Creating a High Performance Project Team

Creating a High Performance Project TeamEric Verzuh has become an expert at taking a project team’s “mojo,” as he calls it, and dissecting its components to understand how to repeat the practices that work and how to eliminate the ones that are getting in the way of gaining top performance among team members. Verzuh, who has gained a reputation for his practical ideas on how to get better at project management, is the president and founder of consulting and training company Versatile. He’s also the best-selling author of the The Fast Forward MBA in Project Management, a Wiley book now in its third edition.

Recently, he spoke with MPUG on the topic of high-performance teams. In this interview, Verzuh lays out the phases of team development; explains how to handle a jerk on the team; and offers his thinking on what one characteristic all high performance teams share.

MPUG: What distinguishes a high-performance team from a team that’s doing a good job?

Eric Verzuh: In how they handle adversity. What distinguishes high-performance companies from companies that just do a good job is that they innovate and jump out in front. High performance companies rely on high performance teams to do this. They don’t have to be producing the next iPad to be innovative. You can have a school district, a local county utility district, facing a tough project. Those teams face adversity.

Here’s the other thing that we need to understand about project teams. Project teams come together to solve problems. They don’t come together to do business as usual. The project is about doing something that’s new. That’s what a high performance team does well: it solves problems with so much skill that it energizes the team. It stays strong in the face of adversity. The people on the teams are willing to stick with it both for the good of the cause but also because they care about the other people on the team.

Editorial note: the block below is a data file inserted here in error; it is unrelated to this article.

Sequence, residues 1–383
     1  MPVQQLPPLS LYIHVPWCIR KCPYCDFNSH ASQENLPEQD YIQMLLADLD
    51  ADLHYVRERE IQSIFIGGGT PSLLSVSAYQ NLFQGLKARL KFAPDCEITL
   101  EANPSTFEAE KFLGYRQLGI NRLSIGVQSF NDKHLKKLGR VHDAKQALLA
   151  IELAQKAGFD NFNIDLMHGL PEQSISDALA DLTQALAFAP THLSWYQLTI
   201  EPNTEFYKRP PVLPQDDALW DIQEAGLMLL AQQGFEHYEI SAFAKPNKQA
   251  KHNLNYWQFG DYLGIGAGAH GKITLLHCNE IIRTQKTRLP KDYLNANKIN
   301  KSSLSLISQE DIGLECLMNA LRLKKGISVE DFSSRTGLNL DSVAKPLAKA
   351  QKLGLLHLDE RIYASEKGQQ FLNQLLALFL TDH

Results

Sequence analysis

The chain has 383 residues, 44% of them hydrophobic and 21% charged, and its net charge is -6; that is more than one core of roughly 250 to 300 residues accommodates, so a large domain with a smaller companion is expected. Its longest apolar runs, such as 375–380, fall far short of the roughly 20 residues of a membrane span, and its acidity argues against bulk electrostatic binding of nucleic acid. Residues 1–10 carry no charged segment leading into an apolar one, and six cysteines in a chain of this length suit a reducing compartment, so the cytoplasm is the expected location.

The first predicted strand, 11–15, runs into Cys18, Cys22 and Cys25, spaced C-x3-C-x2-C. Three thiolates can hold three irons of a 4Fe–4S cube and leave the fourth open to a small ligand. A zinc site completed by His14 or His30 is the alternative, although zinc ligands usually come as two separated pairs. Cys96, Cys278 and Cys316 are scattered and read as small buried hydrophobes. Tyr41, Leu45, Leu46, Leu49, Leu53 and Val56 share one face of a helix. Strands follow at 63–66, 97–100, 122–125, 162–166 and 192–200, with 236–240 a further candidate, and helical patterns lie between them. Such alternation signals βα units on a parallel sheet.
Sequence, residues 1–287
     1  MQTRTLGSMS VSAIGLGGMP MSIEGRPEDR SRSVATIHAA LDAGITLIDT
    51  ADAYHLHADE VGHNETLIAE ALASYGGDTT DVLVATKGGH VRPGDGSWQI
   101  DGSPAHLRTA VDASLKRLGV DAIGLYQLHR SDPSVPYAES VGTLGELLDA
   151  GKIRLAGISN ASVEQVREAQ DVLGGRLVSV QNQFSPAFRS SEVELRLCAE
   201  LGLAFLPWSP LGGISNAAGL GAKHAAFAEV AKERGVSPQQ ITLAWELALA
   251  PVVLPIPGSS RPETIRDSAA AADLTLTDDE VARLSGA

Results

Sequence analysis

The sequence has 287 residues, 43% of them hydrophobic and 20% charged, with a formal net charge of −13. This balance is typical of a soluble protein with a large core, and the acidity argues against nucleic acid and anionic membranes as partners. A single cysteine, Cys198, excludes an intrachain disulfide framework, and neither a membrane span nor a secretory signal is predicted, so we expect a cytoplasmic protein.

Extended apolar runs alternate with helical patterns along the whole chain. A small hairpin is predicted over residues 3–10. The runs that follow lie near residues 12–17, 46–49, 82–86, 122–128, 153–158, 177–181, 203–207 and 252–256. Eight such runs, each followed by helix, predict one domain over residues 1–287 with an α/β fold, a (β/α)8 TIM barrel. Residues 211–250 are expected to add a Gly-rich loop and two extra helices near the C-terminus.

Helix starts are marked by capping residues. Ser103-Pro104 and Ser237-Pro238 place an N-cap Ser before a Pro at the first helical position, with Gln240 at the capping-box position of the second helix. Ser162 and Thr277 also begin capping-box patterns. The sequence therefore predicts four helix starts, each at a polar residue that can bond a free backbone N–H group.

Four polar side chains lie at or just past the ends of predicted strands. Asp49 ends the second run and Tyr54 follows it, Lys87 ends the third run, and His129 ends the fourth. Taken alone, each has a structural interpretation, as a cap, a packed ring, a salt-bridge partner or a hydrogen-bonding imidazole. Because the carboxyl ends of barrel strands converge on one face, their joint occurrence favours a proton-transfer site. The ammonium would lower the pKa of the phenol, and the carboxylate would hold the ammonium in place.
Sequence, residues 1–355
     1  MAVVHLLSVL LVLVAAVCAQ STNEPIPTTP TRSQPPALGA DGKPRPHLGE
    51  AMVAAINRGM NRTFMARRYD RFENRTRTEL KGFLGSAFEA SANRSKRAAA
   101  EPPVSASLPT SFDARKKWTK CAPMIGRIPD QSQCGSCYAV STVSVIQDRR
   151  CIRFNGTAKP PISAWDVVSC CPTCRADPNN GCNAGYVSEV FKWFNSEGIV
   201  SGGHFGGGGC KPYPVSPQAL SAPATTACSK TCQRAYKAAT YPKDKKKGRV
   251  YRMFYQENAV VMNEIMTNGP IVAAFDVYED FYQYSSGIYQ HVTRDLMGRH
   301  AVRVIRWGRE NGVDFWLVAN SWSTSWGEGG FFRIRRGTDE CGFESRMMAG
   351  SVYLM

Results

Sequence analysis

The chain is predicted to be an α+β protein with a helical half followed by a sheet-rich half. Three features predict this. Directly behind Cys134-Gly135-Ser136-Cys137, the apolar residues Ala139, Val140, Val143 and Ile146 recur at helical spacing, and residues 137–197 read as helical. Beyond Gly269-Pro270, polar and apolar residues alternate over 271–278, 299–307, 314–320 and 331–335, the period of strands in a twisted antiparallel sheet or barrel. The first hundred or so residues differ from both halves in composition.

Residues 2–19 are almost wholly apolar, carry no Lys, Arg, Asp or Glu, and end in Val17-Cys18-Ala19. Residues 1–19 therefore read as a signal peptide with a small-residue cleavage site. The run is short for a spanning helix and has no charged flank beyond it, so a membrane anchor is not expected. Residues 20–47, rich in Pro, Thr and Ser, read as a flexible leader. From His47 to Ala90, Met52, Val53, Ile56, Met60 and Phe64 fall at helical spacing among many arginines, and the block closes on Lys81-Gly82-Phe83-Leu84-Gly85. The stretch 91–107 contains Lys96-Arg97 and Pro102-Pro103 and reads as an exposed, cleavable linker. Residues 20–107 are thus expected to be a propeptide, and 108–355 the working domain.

MPUG: Projects tend to bring people together for a specified duration, and there’s often the assumption that the participants come in with their own skill sets. They do their jobs, and they move on. Is it necessary to impose the expectation that we need high performance out of this team too?

There’s absolutely no question that a talented group of individuals will not accomplish as much as a cohesive group of talented individuals. Any talented team is made up of people with the right skills. If you don’t have the right skills, good luck. It will be a major factor. But a group of individuals who play as a bunch of talented individuals can be beat by the talented individuals that play as a team.

Why did we bring this group of people together Because we need them to work together. They don’t just execute. They have to sit down and figure out what the problem is and come up with a solution. That group of diverse skill sets and so forth has to collaborate.

MPUG: It sounds like communication is a big deal.

I would stress on any project team that the number one communication skill is the ability to listen. I would challenge anybody to rate their team’s communication quality on one factor alone: how well they listen to one another. If they can say to you, “When we sit down together, my number one objective is to make sure I absolutely understand every other person’s point of view,” every other communication issue would be dealt with.